But won’t this prove that measurements are not standard? Yes, I suppose so. But it is better than at present, when everyone already knows they are not standard and there is a great deal of (warranted) cynicism about where these numbers came from.
it takes a rule
Based on conversations I have had with agents, there are many people who would give the consumer more information (such as, identifying that the apartment that has sold twice before as a “1,200 sq ft” apartment really only measures to “985 sq ft”), but they would be at a competitive disadvantage if other bozo agents marketing the same apartment on a different floor would continue to claim that their listing was “1,200 sq ft”.
So this would take an industry wide rule, to protect the agents who would do the right thing from those agents who use information that is … errr … (trying to be gentle here) … without an apparent basis in fact. Would the brokerage firms be happy to confront the agents who have been claiming “1,200 sq ft” for the 985 square foot apartment? Probably not happy, but they need to see that there is an important customer service here. IMHO
there are contrary views
There are long-time honest agents who market traditional Manhattan apartments who find this whole topic distasteful and/or irrelevant. They believe that the pain caused by these measurements is simply not worth it. For them, and for their sellers and buyers, it is all about the room count. Of course, for such people, they could use the alternative of not quoting a number after (ha!) REBNY adopts the Manhattan Loft Guy Rule.
I have heard such people often enough that I believe that they are sincere and knowledgeable about their market niches. But it is unfathomable to me that one could work with classic Manhattan lofts and not talk about square feet each and every time. Not just unfathomable, but impossible. Personally, I prefer a credible number, especially to the current world in which the incredible numbers corrupt the impact of the reasonable (and sourced!) numbers.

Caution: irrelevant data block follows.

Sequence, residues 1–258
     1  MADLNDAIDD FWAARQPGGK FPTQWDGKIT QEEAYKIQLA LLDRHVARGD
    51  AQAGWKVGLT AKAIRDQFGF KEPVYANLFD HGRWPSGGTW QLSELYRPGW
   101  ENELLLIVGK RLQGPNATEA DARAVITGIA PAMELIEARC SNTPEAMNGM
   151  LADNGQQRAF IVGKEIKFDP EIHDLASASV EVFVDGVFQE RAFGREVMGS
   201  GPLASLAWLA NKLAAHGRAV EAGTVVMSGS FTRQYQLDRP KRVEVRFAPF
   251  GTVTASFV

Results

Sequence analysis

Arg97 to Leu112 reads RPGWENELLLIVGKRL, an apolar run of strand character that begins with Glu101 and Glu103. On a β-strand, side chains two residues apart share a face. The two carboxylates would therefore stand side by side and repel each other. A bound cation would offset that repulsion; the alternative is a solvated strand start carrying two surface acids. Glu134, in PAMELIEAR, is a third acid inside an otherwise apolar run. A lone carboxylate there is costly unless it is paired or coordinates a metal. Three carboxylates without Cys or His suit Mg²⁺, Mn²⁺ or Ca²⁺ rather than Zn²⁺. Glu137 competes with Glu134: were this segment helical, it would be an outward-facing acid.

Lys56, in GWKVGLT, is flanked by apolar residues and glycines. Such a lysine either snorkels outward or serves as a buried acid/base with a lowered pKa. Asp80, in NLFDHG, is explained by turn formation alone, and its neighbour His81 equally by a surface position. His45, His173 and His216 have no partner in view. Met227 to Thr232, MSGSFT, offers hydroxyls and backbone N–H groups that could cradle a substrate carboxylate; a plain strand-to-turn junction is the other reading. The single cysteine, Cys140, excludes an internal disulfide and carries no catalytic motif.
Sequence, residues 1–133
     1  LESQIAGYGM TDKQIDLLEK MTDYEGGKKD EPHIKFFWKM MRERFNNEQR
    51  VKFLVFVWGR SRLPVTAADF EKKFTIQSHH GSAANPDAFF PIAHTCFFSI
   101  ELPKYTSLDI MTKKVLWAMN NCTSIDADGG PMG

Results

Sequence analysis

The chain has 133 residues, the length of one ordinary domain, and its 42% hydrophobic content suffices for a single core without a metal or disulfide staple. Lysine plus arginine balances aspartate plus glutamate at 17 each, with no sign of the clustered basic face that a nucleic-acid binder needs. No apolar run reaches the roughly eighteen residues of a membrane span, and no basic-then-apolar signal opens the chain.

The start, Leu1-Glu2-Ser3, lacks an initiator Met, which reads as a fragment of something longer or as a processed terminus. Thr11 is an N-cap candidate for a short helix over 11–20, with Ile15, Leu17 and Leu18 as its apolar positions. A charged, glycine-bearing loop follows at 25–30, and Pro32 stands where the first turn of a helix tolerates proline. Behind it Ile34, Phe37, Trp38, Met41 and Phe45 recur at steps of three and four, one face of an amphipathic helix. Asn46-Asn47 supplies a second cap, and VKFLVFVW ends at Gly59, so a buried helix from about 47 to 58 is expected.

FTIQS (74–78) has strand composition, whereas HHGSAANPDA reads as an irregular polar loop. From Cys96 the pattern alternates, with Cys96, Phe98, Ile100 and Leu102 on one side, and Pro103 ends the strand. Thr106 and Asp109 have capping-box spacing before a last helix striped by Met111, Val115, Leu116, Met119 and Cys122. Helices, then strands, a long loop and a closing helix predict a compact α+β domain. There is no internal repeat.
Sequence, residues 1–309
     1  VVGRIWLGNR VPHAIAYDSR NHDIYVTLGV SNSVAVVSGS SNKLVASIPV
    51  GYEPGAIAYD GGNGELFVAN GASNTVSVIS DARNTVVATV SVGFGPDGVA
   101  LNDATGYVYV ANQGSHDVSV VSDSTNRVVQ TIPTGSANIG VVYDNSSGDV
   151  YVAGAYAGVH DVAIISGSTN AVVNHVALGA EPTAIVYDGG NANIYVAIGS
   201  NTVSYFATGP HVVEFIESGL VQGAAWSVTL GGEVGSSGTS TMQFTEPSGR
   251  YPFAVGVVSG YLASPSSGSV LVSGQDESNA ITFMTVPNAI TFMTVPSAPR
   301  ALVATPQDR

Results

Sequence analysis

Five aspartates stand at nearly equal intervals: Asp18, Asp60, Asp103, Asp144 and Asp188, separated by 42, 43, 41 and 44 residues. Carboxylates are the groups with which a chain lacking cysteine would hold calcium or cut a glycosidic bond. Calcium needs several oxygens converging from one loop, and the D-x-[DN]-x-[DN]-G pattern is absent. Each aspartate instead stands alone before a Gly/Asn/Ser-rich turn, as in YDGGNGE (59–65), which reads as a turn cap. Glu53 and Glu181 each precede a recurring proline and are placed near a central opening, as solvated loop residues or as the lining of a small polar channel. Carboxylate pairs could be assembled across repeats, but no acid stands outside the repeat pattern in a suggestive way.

To read one informed commentator’s opinion on this, which is different from mine, read This Smart Guy from October 20.
to go to school on square feet in Manhattan residential real estate: the True Gotham series
If you’ve stayed with me this far and you really want to see a discussion about measuring space, master blogger Doug Heddings did a video series way back in 2007 with an appraiser (The Miller!, natch), a draftsman, and an architect. Each video is about three minutes, with some overlap from one to the next.
Spoiler alert: the offering plan for the subject unit (which has been combined) added to 1,506 sq ft; the 3 pros measured and got 1,475, 1,506, 1,479 of interior square feet, with the comment that the same person could measure the same space twice and get different measures each time, by a factor of 5 or 10%.
True Gotham video series from October 7 – Nov 1 2007 3+ min each
(I hope I have these in chronological order.)
Wouldn’t it be nice if we could count on our leaders to … you know … lead?
* It is still Election Day in places like Nevada, Colorado and Washington, so I am staying up just a bit longer to see if Reid, Bennet and Murray can hold on in the Senate, but as you read this, I am sure it will be daylight on the day after Election Day.
© Sandy Mattingly 2010